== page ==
Back in You Am I’s hey­day, af­ter the al­bums Hi Fi Way (1995) and Hourly, Daily (1996) had gar­nered nu­mer­ous awards and thrust the band to­wards in­ter­na­tional ac­claim, Rogers was, by his own ad­mis­sion, in a bad way. He cred­its his band­mates and in par­tic­u­lar You Am I bassist Andy Kent, who is now also the group’s man­ager as well as man­ag­ing Rogers, for help­ing him through the hard­est times.

“It’s good be­ing man­aged by some­one who has seen you at your worst,” says Rogers. And by worst he means sui­ci­dal. Rogers, born in Kal­go­or­lie in Western Aus­tralia and raised in Perth, Ade­laide and Syd­ney, fea­tured in sev­eral early line-ups of You Am I from 1989 on­wards, be­fore the Syd­ney trio of Kent, Rogers and drum­mer Mark Tu­na­ley re­leased their de­but al­bum, Sound as Ever, in 1993. Tu­na­ley was re­placed by Rusty Hop­kin­son for Hi Fi Way and re­mains the band’s drum­mer today.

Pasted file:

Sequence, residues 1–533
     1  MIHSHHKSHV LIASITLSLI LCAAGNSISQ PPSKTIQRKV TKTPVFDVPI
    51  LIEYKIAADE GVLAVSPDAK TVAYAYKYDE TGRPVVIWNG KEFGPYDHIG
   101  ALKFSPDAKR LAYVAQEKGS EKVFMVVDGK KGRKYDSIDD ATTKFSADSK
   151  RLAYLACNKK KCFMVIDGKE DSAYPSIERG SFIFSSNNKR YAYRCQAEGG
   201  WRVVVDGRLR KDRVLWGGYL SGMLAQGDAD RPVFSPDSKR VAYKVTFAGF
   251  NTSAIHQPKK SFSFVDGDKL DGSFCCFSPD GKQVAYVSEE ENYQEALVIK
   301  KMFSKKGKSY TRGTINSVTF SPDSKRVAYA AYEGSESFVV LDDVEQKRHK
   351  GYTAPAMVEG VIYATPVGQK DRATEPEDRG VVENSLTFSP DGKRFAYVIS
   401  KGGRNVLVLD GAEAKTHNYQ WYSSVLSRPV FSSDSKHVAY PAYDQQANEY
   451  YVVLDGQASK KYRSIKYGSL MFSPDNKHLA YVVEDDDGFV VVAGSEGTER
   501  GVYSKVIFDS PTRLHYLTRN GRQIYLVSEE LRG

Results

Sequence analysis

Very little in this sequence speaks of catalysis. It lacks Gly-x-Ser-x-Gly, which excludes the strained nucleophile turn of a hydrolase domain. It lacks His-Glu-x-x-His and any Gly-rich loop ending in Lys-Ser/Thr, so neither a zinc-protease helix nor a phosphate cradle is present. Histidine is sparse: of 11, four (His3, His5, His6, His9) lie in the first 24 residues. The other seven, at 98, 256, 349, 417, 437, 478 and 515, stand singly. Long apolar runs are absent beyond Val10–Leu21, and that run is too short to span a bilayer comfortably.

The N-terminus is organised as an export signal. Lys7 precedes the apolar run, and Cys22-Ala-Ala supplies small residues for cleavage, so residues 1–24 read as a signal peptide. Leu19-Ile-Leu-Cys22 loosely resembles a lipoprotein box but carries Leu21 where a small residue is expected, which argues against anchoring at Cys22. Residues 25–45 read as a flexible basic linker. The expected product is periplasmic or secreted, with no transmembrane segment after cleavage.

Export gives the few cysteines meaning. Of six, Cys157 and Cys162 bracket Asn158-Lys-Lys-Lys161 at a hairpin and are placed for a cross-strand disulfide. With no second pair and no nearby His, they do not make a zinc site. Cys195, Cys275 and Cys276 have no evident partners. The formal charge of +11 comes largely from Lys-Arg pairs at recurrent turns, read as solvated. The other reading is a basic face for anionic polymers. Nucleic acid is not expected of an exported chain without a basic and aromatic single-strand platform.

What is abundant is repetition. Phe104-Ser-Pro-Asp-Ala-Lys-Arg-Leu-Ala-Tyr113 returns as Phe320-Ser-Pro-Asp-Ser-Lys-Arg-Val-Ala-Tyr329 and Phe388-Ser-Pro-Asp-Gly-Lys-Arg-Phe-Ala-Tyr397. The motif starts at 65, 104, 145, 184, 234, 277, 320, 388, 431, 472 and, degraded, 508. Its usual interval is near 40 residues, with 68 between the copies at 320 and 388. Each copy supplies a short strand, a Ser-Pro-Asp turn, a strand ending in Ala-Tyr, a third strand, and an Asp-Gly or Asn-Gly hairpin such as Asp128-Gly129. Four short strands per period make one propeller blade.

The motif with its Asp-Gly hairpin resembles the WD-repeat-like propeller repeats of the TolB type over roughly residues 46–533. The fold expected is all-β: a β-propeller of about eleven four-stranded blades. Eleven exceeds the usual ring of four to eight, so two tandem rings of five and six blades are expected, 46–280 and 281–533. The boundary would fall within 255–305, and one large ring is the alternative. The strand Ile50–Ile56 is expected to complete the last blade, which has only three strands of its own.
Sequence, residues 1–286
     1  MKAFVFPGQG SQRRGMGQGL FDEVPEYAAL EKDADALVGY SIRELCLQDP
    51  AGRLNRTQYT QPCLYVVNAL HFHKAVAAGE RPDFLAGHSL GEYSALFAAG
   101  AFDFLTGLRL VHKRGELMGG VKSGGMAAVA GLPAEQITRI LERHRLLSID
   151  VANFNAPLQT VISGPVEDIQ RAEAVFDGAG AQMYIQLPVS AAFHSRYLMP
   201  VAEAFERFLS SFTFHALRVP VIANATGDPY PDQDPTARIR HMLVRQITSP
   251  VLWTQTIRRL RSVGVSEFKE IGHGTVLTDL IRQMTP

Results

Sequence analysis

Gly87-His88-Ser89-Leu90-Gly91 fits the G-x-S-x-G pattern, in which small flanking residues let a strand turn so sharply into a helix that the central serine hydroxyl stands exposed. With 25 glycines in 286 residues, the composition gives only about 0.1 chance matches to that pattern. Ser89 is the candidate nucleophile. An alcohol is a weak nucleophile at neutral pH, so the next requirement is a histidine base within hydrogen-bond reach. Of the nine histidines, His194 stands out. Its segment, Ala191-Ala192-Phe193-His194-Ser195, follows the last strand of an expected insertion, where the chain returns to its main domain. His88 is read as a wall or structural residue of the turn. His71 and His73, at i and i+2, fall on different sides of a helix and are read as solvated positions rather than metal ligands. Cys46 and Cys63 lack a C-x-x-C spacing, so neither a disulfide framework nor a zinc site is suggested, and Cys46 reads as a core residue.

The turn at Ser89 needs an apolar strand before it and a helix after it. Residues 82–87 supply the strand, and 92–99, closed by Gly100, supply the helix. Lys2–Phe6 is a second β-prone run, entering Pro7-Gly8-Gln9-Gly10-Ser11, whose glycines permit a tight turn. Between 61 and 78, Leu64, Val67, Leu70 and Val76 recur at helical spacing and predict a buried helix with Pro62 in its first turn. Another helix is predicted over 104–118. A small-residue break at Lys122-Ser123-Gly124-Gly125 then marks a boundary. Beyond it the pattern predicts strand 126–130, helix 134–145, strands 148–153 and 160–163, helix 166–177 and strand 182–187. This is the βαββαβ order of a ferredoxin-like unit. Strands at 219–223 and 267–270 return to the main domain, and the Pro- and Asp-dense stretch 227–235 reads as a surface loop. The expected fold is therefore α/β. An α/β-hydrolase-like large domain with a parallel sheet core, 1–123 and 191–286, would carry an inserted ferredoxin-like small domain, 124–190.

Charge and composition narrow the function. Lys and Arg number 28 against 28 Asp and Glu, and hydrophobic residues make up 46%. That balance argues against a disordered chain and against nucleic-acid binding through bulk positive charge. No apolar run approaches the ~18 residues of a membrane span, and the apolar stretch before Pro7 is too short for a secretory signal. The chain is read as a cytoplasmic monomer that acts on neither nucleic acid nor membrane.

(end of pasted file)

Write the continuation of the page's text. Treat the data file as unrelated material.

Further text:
You Am I’s rep­u­ta­tion as a no-non­sense punk pop force was leg­endary by then and Rogers was the fo­cal point and the at­ten­tion-get­ter, the ar­che­typal rock ’n’ roll bad boy that he felt he wanted to be, but he was also burn­ing the can­dle at both ends, some­thing that was des­tined to catch up with him even­tu­ally — and it did.

“I made a very mis­guided faux sui­cide at­tempt in Toronto in 1997,” he says. “It was a cry for at­ten­tion from an id­iot, but I lac­er­ated my­self to such a de­gree that I had to be taken to hos­pi­tal. Then I got driven back to the ho­tel. Andy and Russ’s way to han­dle it was to just crack open a beer and play video games. I couldn’t move my left arm be­cause it was so cut up. We didn’t ac­tu­ally talk about it and we never have.”

That was not his low­est point, how­ever. That came in the early 2000s, when his short mar­riage to Span­ish phi­los­o­phy teacher Ro­cio Gar­cia Ro­driguez col­lapsed and the sub­se­quent di­vorce and dis­tance from their daugh­ter Ruby when she moved with her over­seas.

“I was very con­cerned about my daugh­ter,” says Rogers. “That was the worst. I see pho­tos of

Tim Rogers, top; and with Me­gan Wash­ing­ton in The Boy Cast­aways, left